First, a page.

Monthly Archives: November 2010

Is an upgrade an oxymoron?

Sometime this week, the design of my blog will undergo some changes — it’s an “automatic upgrade” of my “theme”  from Press Row (the template I chose a year ago) to a similar, intended-to-be-better one called Pilcrow.  I really like WordPress — for crying out loud, it’s a free service that allows me to concentrate on writing rather than manipulating stuff on my blog (!) — but I’m not exactly *sure* what  the unintended consequences will be. Isn’t that the case for any kind of change, though? Sometimes improvements just complicate things…. I can think of so many examples my head spins. Not enough time or energy to deal with it today, or maybe even this whole week. I’m glad it’s just my blog undergoing a revision right now! And I apologize for any inconvenience until I have it figured out.

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Filed under Sorting things out

Opting for the landscape rather than a portrait

When we were first married, Peter and I often sent out photo greeting cards for Christmas. Always something corny, goofing around. However, now that we’re near our 30th wedding anniversary – and some days the years show more than we’d like (!) – we prefer the beautiful view from our front porch more than a shot of the two of us.

This year I’m using Shutterfly, an on-line service that truly understands personalization.

I love this classic photo of the sunrise over the Tetons to the east of our home! I’m going to combine it with a multi-lingual wish for peace, and voila, we have a special card we can use all year.

Shutterfly makes it easy, with customized text and inside layout, and they use cardstock from sustainable forests. It only takes a few minutes.

See the design I’ve chosen (Spread Peace, by Yours Truly) and 288 other affordable and fun cards here.

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Filed under On writing, Sorting things out, Uncategorized

Eleven weeks!!

For any of you who wondered I’d stopped reading, well — NO. But I haven’t written about what I’ve been reading…. Since I’m not sure that anyone really cares, I suppose it doesn’t really matter. But, like most things, since I care about it, I want to bring myself up to date. 

And because I stack up the books I’ve read until I wrote my blog notes on them, there are WAY too many right now. And they all need to be shelved. One of the things that Peter and I have been doing is organizing our library — most non-fiction and reference is downstairs, with fiction, antique books, travel (including everything on England, Ireland, Italy and France) and poetry upstairs. Plus we’re culling out a few things to share….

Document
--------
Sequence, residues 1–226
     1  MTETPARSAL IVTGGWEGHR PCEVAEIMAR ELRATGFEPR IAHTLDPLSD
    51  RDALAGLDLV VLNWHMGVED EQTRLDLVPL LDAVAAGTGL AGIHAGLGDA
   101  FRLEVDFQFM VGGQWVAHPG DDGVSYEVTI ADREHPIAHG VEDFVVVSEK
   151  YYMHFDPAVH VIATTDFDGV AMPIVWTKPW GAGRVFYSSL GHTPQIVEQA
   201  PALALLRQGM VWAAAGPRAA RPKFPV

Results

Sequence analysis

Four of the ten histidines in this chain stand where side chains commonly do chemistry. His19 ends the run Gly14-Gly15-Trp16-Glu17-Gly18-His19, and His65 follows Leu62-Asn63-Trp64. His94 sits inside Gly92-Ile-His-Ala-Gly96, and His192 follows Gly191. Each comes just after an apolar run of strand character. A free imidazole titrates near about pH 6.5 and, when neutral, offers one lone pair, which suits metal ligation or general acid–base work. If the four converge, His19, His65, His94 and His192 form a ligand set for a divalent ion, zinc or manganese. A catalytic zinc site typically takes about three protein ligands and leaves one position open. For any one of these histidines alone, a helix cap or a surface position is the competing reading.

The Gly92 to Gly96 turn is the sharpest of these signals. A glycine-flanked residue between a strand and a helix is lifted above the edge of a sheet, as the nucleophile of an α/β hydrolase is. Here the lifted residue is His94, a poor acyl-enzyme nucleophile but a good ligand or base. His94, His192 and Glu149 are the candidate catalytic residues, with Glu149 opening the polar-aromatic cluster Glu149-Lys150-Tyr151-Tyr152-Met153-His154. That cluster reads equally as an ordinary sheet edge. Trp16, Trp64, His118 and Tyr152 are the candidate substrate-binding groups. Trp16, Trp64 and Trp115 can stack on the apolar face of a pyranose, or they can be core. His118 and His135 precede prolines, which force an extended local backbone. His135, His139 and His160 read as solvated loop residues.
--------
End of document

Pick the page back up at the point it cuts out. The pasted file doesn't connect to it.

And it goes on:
Without further ado, here’s my list since Sept. 1 — without many notes, but complete!  
* Half Broke Horses by Jeannette Walls (for Book Club in October, which I had to miss);
* The Butterflies of Grand Canyon by Margaret Erhart (good for traveling with Peter’s mom);
* The Hiding Place by Corrie Ten Boom (always wanted to read this one, I found it in Florida at Peter’s cousin’s house and finished it while we were there);
* The True Deceiver by Tove Jansson (recommended by Peter — we both think it would be a terrific book to discuss with others sometime);
* The Bird Artist by Howard Norman (another amazing recommend from my friend Cort Conley at the Idaho Commission on the Arts);
* Wolf Hall by Hilary Mantel (really slogged my way through this one, even though it was the winner of the Mann Booker Prize);
* New Worlds, Lost Worlds: The Rule of the Tudors, 1485-1603 by Susan Brigden (used pieces of this one to help me accomplish the slog);
* The Day The Falls Stood Still by Cathy Marie Buchanan (I’ve always had a *thing* about Niagara Falls….);
* The Lace Reader by Brunonia Barry (witches have held my fascination, too, especially those in Salem);
* A Shelter of Hope by Tracie Peterson (read through one night while battling insomnia–it’s a Christian romance about a Harvey House girl in Wyoming–not even sure why I had it or where it came from!);
* What If 2: Eminent Historians Imagine What Might Have Been, edited by Robert Cowley (gives one cause to pause and reflect);
* Helen of Troy by Margaret George (we’re going to Sparta in less than two months — I simply HAD to read this one!);
* and now I’m reading The Salisbury Manuscript by Philip Gooden (a mystery set near one of my favorite spots, as I did PR for Up With People in nearby Bournemouth, England);
AND, because we’re planning our trip — a good selection of guide boooks and travel-inspired anthologies, too many to list but you get the idea from the stack!

Woohoo! Now I am, for the moment, caught up. I very much wanted to do this post before I write about Thanksgiving, one of my favorite holidays. AND since I have lots of *other* work to do, I best get to it.

Happy reading, my friends!

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Filed under My Weekly Reader

Yummy granola

I admit it. I like granola! Especially with raisins addedin and  topped with yogurt and a banana.   Although I have several good recipes for granola, this is one of the easiest.  Might be one of the healthiest, too…..

COMBINE:
5 cups old-fashioned oatmeal
1 cup chopped or sliced almonds (or walnuts)
1 cup unrefined sesame seeds
1 cup soy flour
1 cup powdered milk (*not* instant)
1 cup wheat germ
1 cup sunflower seeds, if you’re feeling really nutty

MIX:
1 cup honey
1 cup vegetable oil

Top the dry stuff with the wet stuff, and stir well. Then bake in a 200-degree oven for 20 minutes (stir it every so often while it’s baking) or until it’s crunchy enough for you.

Enjoy!

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Filed under Food (glorious food)